Things a unit can do when activated:
1. Move (note: units may get lost when traveling in the deep woods, in enemy trenches or at night).
2. Fire: as with many war games, you have to account for terrain, LOS, range. No fire groups can be formed; units shoot one at a time. Melee can occur (useful for attacking heavily defended units in a trench). Op fire (called Reaction Fire) can occur. This spends a unit. However MG units are never spent by Op Fire unless doubles are rolled.
- When fire occurs, you can Area Fire (shoot at all unarmored units in a hex) or anti-tank fire, which is firing at one armored unit in a hex (assuming the firing unit has anti-armor capability)
3. Deploy: as its activation, a unit may flip from its dispersed side to its formed side, or vice versa.
4. Dig in: foot units may do this in order to gain a defensive bonus.

Cohesion Checks
This is how attacks are resolved. When attacked the defending player rolls 2 d6 against his unit’s Cohesion number. If the result exceeds the cohesion number, that unit is dispersed and spent. If the modified result is 11 or 12, the unit is destroyed. Other game aspects may result in having to make a cohesion check, such as checking for getting lost, vehicles making bog checks etcetera, though 11 and12's won’t destroy units in these other cases.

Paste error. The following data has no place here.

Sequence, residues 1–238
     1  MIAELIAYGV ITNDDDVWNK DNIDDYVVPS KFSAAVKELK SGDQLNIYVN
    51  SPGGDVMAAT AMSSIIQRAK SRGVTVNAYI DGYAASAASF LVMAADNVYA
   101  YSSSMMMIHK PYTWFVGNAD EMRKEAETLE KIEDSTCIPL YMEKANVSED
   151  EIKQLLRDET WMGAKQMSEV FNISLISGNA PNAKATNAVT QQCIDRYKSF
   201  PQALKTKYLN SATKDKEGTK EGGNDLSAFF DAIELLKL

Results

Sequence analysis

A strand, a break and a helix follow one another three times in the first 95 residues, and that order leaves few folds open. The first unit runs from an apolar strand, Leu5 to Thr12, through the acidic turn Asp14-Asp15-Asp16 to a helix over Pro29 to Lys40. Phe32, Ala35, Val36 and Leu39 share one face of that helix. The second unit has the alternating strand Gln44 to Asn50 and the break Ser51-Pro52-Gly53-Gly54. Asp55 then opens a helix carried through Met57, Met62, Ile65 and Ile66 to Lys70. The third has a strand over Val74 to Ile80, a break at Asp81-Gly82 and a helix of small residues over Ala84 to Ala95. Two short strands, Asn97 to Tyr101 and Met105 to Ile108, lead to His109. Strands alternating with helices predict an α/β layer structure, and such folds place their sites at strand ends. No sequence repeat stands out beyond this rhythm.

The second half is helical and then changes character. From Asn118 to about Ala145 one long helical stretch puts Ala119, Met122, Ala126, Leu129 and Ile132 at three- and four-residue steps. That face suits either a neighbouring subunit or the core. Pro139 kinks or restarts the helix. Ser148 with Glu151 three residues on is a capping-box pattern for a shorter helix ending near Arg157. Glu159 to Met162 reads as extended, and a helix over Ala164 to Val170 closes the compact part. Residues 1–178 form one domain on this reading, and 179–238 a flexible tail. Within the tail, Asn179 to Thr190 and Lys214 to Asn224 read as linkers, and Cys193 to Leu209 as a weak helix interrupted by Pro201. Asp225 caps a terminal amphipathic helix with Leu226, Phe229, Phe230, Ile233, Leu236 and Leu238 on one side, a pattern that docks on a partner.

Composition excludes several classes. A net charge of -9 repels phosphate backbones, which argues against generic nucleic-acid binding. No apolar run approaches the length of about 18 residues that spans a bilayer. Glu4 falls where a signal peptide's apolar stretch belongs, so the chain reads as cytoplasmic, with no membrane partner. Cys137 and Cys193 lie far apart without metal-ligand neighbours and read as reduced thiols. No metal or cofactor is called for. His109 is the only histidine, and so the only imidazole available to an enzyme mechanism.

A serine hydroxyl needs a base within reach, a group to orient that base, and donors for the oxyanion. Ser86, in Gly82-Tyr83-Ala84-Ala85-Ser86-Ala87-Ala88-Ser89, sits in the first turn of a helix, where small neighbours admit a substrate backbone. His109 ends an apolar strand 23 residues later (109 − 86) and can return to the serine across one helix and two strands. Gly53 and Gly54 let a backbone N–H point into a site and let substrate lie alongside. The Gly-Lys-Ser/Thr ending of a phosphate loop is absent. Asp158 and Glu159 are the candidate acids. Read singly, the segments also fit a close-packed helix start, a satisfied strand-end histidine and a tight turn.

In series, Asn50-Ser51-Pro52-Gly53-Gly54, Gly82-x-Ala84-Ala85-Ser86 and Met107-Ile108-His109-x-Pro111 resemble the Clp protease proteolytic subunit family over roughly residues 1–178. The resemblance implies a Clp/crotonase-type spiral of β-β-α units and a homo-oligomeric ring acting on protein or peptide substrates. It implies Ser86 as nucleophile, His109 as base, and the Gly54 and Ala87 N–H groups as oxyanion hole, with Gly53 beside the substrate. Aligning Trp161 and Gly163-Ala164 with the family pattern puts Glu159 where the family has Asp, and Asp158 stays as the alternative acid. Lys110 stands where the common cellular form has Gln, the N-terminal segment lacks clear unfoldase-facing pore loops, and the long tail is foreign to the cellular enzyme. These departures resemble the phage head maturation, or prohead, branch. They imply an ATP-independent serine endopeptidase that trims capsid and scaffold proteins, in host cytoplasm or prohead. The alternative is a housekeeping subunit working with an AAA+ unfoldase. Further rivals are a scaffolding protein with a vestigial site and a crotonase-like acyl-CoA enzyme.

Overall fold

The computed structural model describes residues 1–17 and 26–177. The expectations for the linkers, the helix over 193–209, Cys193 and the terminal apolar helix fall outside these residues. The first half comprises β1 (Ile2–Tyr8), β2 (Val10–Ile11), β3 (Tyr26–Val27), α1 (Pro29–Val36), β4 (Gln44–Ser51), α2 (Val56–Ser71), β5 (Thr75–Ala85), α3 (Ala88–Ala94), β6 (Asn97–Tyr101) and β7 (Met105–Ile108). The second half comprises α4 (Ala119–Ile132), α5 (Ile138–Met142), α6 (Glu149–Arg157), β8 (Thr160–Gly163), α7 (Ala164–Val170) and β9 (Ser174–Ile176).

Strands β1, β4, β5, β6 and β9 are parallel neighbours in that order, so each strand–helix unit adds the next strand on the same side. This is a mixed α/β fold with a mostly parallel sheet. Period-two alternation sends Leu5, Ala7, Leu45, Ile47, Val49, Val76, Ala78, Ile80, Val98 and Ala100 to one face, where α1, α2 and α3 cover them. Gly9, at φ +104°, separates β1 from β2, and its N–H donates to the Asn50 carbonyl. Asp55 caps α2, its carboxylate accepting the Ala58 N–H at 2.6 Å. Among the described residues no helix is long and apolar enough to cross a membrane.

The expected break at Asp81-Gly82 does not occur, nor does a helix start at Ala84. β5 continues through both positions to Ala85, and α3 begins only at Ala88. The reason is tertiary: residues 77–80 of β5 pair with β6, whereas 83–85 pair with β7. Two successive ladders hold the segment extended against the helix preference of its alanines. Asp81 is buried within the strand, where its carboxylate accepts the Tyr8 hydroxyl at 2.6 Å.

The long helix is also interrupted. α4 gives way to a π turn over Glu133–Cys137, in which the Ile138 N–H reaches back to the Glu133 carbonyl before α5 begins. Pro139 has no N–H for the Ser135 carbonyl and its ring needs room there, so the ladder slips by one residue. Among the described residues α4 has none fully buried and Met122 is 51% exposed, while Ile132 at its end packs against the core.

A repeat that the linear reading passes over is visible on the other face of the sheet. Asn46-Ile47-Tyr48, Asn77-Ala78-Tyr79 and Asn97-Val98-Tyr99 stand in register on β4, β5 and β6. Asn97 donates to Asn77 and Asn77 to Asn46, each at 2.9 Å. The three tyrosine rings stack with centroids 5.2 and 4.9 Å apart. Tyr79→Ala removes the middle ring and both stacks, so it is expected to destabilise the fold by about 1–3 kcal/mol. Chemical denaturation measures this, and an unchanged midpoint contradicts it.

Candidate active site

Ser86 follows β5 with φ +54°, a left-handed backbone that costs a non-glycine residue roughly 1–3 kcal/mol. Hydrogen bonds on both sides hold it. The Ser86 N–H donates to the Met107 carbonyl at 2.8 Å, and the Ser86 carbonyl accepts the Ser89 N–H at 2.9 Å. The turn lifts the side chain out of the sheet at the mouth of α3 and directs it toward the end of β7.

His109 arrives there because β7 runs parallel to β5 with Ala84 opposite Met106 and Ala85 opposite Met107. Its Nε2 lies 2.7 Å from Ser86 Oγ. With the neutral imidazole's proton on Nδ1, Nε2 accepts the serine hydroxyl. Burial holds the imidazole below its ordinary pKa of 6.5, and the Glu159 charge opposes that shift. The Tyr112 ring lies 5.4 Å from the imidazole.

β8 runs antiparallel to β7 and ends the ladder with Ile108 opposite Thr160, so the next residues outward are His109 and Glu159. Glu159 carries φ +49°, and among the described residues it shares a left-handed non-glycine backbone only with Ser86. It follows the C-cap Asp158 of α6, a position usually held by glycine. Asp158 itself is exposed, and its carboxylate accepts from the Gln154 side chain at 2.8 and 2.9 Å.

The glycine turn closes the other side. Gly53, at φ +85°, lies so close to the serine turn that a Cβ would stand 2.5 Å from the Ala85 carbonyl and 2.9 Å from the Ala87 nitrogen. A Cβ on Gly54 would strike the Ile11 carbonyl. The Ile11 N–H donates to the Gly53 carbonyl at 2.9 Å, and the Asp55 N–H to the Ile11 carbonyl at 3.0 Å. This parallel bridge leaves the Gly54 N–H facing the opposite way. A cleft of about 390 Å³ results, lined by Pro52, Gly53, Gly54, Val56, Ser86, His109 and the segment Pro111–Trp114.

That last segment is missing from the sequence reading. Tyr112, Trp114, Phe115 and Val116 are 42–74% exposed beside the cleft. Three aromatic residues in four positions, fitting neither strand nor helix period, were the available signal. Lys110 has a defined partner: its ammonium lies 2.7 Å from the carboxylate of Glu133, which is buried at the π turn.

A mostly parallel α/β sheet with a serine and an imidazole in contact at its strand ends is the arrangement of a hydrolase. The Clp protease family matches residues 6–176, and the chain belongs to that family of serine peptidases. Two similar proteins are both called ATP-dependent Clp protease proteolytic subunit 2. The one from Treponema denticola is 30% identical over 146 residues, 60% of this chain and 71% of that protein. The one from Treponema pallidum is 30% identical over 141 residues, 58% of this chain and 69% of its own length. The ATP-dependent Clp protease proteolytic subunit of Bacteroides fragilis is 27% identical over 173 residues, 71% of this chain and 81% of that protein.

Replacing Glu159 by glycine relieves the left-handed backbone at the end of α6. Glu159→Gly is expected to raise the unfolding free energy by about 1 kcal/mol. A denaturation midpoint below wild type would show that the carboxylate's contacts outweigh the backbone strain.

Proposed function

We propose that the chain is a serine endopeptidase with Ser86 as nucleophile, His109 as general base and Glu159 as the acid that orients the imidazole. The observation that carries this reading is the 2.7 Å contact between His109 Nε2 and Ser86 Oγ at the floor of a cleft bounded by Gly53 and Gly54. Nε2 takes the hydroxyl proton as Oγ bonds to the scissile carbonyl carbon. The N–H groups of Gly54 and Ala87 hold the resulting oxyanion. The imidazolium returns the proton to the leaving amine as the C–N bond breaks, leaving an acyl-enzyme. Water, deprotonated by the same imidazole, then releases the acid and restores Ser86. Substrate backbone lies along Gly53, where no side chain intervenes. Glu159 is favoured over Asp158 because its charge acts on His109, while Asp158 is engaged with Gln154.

OMA
Another aspect of the game is Off Map Artillery (OMA). I won’t go into a bunch of detail but suffice it to say, you basically use your have of your half of a Command Couplet to select a target hex. A certain number of turns later, you start to roll for signal success. The delay in turns to do this is called the Signal Delay; the delay length depends on the mode (aircraft, runner, telephone etc). When the turn for the OMA battery in question comes into play, you then roll for signal success. This is an automatic action you take before you perform your half of the Command Couplet. If signal success fails, you wait and try again next Command Couplet. If it succeeds, you then roll to see if the barrage hits the target hex, or if it misses and hits a surrounding hex instead. OMA batteries can also fire gas and smoke.

That’s the main aspects of the game.




My Overall Ratings
Theme 9: I like the theme, and the game play matches the theme pretty well